Articulation or Air-ticulation? That is the question.
And that is the DISCOVERY!
From the very beginning, as brass players, we are taught some form of articulation. Whether it is to say "TAH", TOH" or "TUH" and then eventually for trombone players to say "DUH", "DAH" or even "LAH" for legato articulation. All of these suggest the placement of the tongue with a syllable as well.
One famous bass trombonist from 'yesteryear' was a man named John Coffey. He used to say to his students, "Tongue and blow, kid!" In a sense, that can be the very basic mechanics at play without being very specific. When players just think of tongue, oftentimes this can lead to all sorts of tension in the throat and lay the ground for articulation problems such as stutter attacks, where a person has a real difficult time coming in on the first note of anything. So this is where air-ticulation is vital in the three fold mechanism of articulation, air-tongue-embouchure. Remembering to use our air can make things less tense with more fluidity and ease of production.
The serious player will discover eventually what articulation match feels comfortable for them. But one thing I have noticed as a trend is playing really short is out of fashion. Not only short, but having a variety of articulation seems to be 'dated.' Long rounded articulation seems to be what is 'in' now and I see some of the reasons for this. In some of the cases regarding the enlargement of tone size, the longer articulation seemed to match it better or was found easier to produce in conjunction with a larger sound. Plus conductors also seemed to warm to a 'rounder' sound from the brass and naturally this meant not such a pointed front to the articulation.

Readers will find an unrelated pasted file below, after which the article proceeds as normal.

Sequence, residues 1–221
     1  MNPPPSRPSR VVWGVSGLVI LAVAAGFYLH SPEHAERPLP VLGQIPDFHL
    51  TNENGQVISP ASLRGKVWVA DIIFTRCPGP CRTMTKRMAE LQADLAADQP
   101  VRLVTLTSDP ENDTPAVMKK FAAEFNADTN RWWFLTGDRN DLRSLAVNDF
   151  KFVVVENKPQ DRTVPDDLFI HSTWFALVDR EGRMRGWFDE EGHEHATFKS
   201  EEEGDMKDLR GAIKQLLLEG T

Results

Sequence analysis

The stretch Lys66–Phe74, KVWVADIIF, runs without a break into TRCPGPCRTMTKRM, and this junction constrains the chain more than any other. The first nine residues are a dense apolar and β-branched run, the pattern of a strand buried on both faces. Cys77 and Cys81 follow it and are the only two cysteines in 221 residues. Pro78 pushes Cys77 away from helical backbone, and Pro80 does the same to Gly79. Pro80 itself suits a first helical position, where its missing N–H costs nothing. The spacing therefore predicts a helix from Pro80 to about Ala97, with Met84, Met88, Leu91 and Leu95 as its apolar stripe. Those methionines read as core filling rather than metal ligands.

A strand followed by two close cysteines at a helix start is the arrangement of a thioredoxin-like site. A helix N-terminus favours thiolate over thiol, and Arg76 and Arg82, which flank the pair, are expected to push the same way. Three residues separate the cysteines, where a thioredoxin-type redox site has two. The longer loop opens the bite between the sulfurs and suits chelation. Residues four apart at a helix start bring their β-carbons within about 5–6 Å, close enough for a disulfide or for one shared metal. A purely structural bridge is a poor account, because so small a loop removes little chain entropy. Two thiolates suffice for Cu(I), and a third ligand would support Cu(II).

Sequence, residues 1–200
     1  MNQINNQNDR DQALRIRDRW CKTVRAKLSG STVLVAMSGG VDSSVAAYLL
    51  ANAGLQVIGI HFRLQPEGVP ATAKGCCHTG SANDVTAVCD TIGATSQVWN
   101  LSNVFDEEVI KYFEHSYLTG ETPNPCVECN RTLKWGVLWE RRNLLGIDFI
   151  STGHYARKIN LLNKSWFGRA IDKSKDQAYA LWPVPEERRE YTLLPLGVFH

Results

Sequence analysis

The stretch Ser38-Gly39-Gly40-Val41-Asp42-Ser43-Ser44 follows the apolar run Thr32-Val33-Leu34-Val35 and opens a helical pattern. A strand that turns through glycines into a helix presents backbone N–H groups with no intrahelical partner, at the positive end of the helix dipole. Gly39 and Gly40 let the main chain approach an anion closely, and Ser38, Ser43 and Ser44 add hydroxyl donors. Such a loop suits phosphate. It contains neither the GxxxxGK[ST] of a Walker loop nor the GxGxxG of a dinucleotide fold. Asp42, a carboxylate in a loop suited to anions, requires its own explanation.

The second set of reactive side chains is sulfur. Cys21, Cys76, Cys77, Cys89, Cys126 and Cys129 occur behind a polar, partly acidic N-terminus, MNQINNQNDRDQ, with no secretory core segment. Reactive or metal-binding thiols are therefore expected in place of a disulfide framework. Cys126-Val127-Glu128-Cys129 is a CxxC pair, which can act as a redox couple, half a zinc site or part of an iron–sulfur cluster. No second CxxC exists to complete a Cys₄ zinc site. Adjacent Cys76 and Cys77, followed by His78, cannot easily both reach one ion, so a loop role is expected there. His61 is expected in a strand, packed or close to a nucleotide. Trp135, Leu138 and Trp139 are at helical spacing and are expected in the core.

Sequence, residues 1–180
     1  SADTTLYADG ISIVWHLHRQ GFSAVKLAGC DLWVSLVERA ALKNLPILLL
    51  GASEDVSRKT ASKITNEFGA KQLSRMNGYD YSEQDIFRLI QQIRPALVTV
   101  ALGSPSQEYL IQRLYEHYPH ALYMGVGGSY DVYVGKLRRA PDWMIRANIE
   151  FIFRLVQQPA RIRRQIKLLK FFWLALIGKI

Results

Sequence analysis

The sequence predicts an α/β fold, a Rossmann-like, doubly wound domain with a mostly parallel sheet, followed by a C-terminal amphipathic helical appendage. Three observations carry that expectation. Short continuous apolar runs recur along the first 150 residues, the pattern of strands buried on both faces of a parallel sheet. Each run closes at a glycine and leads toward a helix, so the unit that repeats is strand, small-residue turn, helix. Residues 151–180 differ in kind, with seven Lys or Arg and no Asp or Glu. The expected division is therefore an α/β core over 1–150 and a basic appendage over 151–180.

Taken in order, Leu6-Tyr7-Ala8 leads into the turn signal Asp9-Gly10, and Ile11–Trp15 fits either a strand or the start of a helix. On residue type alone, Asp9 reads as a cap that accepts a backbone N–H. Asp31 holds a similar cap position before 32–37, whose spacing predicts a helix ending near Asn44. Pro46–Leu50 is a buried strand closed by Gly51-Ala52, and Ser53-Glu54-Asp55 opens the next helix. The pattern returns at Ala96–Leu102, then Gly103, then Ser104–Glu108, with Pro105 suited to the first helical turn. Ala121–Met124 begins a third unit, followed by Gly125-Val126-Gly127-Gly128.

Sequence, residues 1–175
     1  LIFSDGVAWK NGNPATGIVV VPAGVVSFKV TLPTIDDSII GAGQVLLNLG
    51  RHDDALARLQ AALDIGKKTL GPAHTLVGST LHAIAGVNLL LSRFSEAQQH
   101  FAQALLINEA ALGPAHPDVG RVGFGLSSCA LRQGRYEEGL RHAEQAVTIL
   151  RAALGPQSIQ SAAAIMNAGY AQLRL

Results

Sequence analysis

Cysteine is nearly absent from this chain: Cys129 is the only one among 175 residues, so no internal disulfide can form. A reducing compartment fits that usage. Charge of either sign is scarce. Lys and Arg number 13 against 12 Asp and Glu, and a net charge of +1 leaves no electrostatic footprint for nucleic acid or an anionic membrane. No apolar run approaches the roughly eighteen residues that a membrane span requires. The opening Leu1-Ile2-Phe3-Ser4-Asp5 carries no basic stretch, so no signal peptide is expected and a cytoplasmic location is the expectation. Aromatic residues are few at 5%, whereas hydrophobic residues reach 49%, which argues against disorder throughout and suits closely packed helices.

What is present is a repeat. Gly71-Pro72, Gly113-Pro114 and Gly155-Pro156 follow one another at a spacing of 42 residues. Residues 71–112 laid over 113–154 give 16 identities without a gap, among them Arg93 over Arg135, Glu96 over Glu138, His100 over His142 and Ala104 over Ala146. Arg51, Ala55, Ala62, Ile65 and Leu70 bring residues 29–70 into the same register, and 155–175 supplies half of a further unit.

Let's face it, in terms of having greater accuracy, lots of variation in tone color, dynamics and articulations gets more difficult. It is easier to 'control' just a couple of things rather than a larger number of possibilities. However, I have found that different kinds of articulation build greater control and work on specific areas of the embouchure and air support systems.
Take some of those basic Arban and Kopprasch etudes and use different articulations. Play them really short and dry, soft, short and accented, long with a small little space, accented long with no break and on and on. The various combinations are endless. In the end, I have found each kind of articulation has its merit physically, therapeutically and most importantly musically. Would a great painter only use one kind of brush stroke for everything?